Nova Scotia

Price, catch down as Cape Breton lobster season gets into gear

Lobster fishing season opened around Cape Breton Island on May 15 and harvesters say there's even more uncertainty this year because COVID-19 could cut the season short.

Fishermen say COVID-19 pandemic has added more uncertainty over worries the season will be cut short

The catch and price are both down in Cape Breton Island's lobster fishery, which opened May 15, but fishermen say COVID-19 has added another layer of uncertainty to the season. (CBC)

The lobster fishing season around Cape Breton Island opened May 15 and harvesters say the catch and the price have not been as good as the weather.

However, they say, the COVID-19 pandemic has added a layer of uncertainty to an already risky business, by threatening to cut the season short.

Merrill MacInnis, a Victoria County fisherman out of Little River Harbour on the Atlantic Ocean, said the season is not off to a good start.

"January, it looked like it was going to be a bumper year, because demand was high, prices were going to be good, and that's all gone by the wayside now," he said.

Last year, fishermen were getting $7 a pound for lobster, but the current price is $4.25, a drop of about 40 per cent, and MacInnis said the catch has been down about 30 per cent on the Atlantic side of the island.

The price hasn't been that low for years, but MacInnis is hoping the catch will improve when the ocean bottom warms up.

Temperature a factor?

"The water is pretty cold yet and they don't seem to be moving quite as good as other years, so we're hoping that that's what the problem is," he said.

Jordan MacDougall, president of the Inverness South Fishermen's Association, said the catch in the Gulf of St. Lawrence hasn't been down as much as on the Atlantic side, but the season in the gulf was delayed two weeks due to COVID-19.

"It's been fair," he said. "I wouldn't say we're down anything like that. It's hard to get a read because we missed two weeks."

MacDougall said he, too, is hoping the season will get better as the ocean bottom warms up.

He said the extra uncertainty added by the pandemic has added a layer of risk to lobster harvesters.

He said processors are facing labour shortages and a collapsed world market, and there is some concern the summer season could be cut short.

Plants getting full?

"We're hearing the plants are starting to get filled up with lobsters [already]," MacDougall said.

Fishermen have always been able to separate lobsters for grading, but this year, fish plants are not buying those missing claws, known as culls, he said.

"The processors now don't want them," said MacDougall. "There's not enough money in it for them for the problems. They'd rather get the two-clawed lobsters."

Lobster fishermen can typically sell all that they catch, but fishermen fear processors could stop buying before the season is over, or they could put fishermen on a quota, said MacInnis.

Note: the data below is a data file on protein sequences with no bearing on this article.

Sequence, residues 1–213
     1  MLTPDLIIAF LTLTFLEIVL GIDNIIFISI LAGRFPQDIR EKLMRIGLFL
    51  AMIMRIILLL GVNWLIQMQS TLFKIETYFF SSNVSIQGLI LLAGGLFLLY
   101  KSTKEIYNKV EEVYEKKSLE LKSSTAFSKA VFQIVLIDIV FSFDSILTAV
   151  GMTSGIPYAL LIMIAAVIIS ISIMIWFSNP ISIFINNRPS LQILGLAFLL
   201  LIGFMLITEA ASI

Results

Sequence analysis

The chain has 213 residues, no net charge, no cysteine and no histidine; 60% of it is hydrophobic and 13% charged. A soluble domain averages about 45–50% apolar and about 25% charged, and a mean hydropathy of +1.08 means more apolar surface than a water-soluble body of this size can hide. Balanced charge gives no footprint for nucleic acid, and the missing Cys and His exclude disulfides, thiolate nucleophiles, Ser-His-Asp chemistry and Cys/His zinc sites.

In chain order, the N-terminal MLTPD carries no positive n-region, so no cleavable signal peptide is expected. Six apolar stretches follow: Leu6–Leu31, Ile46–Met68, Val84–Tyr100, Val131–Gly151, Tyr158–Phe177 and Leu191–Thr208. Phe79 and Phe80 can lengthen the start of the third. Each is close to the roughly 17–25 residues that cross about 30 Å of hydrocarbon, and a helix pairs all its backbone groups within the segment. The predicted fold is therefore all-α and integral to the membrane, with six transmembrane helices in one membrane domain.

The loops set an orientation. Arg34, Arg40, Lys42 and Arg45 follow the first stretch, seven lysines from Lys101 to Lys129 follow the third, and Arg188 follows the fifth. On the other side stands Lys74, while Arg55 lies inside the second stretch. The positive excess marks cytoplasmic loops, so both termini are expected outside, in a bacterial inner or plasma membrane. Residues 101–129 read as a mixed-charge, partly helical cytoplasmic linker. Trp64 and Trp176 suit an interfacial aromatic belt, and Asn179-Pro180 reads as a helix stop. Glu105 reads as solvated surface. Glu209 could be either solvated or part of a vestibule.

Victoria County fisherman Merrill MacInnis says the weather has been good for fishing so far this spring, which is another unusual feature of this year's lobster season. (CBC)

"In all the times I've been fishing, we've never had the risk of buyers with the possibility they'd stop buying," he said.

MacInnis and MacDougall said they'll both know better in a couple of weeks as more product gets into the plants and the season closes at the end of May in southwest Nova Scotia.

MacInnis said the weather has been unusually good so far this season.

"We're able to haul every trap every day, which, ordinarily in the spring, the weather can be pretty unpredictable," he said.

It's been an unusual season in more ways than one, MacInnis said.

People used to come down to the wharf and buy lobster directly from fishermen, but with COVID-19 restrictions, the wharfs are off limits.

Wharfs now empty

Some fishermen are still selling to the public, but people have to preorder and meet somewhere away from the wharf or get it delivered.

"On Saturdays, especially, people would try and always get lobster for the weekend and the wharf would be full of people," MacInnis said.

"Now there's nobody here. There's signs all over the entrance to the harbour for not open to the public."

Wharf sales are not significant income for fishermen, but they are part of a longstanding local tradition and their absence is another sign this year is going to be one for the history books.

"I hope we're not going to be confronted with this again for another year, because it's certainly frustrating for us at this point," said MacInnis.

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ABOUT THE AUTHOR

Tom Ayers

Reporter/Editor

Tom Ayers has been a reporter and editor for more than 30 years. He has spent the last 16 years covering Cape Breton and Nova Scotia stories. You can reach him at tom.ayers@cbc.ca.

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